Morning Report: 9% of US mortgages are in forbearance

Vital Statistics:

 

Last Change
S&P futures 2929 83.1
Oil (WTI) 32.54 1.29
10 year government bond yield 0.68%
30 year fixed rate mortgage 3.36%

 

Stocks are higher this morning on positive news for a COVID vaccine. Bonds and MBS are down.

 

The upcoming week should be relatively quiet, with no major economic news. Jerome Powell speaks tomorrow and we will get the FOMC minutes, but that is about it. Markets will be closing early on Friday for the Memorial Day weekend.

 

The MBA sent a letter to Congress stressing the need for a liquidity facility for non-bank servicers. In order to work, Ginnie must be given legal authority to approve pledges of an issuer’s future reimbursements on servicing advances. The MBA also points out that allowing everyone to get forbearance regardless of circumstances was not the smartest idea. While FHFA has stated that borrowers who seek forbearance will not be required to repay everything at once, that doesn’t necessarily apply to non-government-backed paper.

 

About 9% of US mortgages are in forbearance right now. This works out to be $1 trillion in unpaid principal. By the end of June, Black Knight estimates that 10% – 12% of the mortgage market will be in forbearance. 12% would work out to be 6.3 million borrowers. That is a lot of advances. Separately, the National Multifamily Housing Council reported that 88% of renters made their May payment through May 13.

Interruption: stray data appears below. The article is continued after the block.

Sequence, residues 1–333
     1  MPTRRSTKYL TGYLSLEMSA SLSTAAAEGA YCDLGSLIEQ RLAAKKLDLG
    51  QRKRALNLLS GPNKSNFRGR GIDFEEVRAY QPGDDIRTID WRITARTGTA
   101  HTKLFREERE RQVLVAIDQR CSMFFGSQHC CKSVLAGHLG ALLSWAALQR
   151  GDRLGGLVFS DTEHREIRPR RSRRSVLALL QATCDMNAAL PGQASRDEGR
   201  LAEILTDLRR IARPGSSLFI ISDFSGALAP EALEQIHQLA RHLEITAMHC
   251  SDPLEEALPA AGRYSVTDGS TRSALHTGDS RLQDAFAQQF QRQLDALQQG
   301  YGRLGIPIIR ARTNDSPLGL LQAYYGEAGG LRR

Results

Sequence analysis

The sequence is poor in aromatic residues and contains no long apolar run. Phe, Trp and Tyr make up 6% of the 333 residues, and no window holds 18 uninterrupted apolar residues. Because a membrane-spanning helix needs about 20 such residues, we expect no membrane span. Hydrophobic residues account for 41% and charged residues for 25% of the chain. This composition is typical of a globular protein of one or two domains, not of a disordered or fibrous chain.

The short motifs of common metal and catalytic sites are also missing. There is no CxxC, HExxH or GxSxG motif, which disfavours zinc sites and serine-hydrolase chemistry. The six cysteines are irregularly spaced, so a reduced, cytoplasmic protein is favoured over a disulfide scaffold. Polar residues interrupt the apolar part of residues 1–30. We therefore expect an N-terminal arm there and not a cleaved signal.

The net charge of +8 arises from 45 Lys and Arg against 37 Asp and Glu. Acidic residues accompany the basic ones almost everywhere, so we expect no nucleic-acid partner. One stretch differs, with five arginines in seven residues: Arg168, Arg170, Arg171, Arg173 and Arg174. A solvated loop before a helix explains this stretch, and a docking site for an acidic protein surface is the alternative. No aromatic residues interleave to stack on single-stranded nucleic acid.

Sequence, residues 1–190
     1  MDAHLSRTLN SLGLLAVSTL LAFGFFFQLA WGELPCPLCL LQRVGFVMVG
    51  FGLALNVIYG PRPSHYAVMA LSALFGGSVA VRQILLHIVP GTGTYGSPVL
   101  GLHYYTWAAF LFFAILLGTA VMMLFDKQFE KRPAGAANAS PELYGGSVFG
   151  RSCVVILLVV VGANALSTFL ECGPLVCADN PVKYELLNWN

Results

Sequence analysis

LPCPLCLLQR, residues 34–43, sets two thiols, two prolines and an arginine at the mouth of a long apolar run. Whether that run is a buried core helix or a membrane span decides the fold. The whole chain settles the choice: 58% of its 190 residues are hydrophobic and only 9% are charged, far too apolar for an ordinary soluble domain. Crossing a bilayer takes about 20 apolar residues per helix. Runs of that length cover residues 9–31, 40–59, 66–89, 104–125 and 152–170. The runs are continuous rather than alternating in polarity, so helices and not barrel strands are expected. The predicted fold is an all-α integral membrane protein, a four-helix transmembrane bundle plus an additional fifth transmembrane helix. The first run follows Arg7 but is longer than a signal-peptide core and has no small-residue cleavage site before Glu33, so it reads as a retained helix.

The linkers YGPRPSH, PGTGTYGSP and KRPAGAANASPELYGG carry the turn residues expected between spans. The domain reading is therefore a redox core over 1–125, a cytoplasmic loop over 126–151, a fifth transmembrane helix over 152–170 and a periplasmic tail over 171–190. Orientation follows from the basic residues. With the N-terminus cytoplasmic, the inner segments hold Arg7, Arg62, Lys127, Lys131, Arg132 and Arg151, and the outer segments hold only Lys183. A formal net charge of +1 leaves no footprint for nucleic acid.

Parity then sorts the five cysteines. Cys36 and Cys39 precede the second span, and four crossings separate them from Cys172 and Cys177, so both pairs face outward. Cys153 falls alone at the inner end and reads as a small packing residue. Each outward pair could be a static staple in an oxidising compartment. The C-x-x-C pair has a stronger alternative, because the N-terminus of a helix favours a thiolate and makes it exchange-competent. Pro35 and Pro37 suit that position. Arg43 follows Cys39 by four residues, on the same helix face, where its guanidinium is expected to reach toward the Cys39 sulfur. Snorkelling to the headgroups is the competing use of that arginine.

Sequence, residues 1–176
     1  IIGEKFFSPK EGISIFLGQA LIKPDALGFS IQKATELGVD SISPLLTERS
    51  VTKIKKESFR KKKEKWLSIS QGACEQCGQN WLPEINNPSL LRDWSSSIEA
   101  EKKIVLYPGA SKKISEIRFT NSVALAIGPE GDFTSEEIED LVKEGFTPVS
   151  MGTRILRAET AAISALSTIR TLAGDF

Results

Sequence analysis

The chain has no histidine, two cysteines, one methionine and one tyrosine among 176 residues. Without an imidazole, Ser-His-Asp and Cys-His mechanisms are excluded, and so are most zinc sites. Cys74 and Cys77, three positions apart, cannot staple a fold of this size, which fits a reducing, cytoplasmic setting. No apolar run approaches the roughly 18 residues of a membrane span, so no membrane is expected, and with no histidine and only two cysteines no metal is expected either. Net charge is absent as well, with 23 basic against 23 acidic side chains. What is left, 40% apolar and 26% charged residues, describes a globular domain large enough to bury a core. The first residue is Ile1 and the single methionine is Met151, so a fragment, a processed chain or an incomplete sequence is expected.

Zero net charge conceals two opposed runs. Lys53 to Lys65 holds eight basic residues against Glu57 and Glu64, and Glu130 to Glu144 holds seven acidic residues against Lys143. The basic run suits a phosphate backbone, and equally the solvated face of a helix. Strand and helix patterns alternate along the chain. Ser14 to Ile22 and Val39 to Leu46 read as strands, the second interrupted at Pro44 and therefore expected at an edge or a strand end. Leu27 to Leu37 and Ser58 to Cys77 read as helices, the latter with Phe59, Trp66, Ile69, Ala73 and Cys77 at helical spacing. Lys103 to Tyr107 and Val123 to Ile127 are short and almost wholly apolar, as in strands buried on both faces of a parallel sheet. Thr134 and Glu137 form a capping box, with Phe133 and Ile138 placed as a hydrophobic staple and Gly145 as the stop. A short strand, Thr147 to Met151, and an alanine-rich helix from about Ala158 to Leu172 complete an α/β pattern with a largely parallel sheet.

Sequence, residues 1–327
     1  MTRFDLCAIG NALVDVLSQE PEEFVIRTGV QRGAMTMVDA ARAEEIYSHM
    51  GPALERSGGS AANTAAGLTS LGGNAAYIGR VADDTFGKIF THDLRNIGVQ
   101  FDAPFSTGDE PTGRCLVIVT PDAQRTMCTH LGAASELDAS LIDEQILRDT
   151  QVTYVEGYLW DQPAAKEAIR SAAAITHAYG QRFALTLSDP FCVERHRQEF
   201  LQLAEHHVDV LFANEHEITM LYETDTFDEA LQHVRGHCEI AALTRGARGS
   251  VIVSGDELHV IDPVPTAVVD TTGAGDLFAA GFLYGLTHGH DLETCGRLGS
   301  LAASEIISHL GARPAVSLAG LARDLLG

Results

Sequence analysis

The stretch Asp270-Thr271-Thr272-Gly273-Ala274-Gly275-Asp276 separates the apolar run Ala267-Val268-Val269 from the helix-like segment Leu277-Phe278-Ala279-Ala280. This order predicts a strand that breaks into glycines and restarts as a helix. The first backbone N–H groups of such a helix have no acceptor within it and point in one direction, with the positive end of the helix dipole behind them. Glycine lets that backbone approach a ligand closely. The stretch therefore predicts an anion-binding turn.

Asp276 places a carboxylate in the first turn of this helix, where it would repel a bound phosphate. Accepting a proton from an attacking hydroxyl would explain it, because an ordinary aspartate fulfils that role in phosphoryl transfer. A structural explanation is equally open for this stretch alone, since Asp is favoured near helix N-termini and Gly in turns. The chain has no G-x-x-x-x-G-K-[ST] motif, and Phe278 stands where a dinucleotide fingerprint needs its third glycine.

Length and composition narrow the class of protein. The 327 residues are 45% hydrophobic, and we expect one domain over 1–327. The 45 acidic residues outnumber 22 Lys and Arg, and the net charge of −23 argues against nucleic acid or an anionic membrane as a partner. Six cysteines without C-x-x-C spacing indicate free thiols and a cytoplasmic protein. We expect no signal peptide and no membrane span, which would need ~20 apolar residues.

Jerome Powell warned on the economy turning around: “There is a growing sense that the recovery may come more slowly than we would like, but it will come. And that may mean that it’s necessary for us to do more.” He is advocating for Congress to provide more fiscal stimulus, which doesn’t seem like it will be forthcoming. The House has passed a liberal wish-list, but Mitch McConnell doesn’t seem all that eager to take it up. The big trade will be liability protection for business in exchange for vote-by-mail.

 

The MBA says buyers will return by summer as lockdown ends. “We expect that heading into the summer, more prospective homebuyers will gradually return to the market.” FWIW, “summer” is only a month away, but I think this is already happening. I was listening to the American Homes 4 Rent conference call, and they said that traffic was slower in the second half of March, but by the second half of April, traffic was up 25% year-over-year. They had 9,500 showings is five days which worked out to be six tours per available property. While these are for rentals, it does show that people who are living in crowded urban areas want to escape to the suburbs, where social distancing is easier. The company even mentioned on the call that COVID is driving traffic. I have to imagine the same thing happening for purchase activity. We will get a better idea on April numbers this week when existing home sales comes out on Thursday.

 

Just like the talking heads overestimated the whole COVID-19 crisis, I think they are also overestimating the economic fallout from it. There just weren’t too many problems with the economy going into the crisis, and this recession wasn’t caused by economic rot or inflation. It was like taking a healthy person and putting him into a medically induced coma. All of the economic models are based on history – in other words, recessions which were caused by asset bubbles or the Fed. It would be like comparing our healthy patient’s coma recovery to someone who was put into a medically-induced coma because of an illness. Without an underlying condition that needs to heal, the recovery should be faster, all things being equal.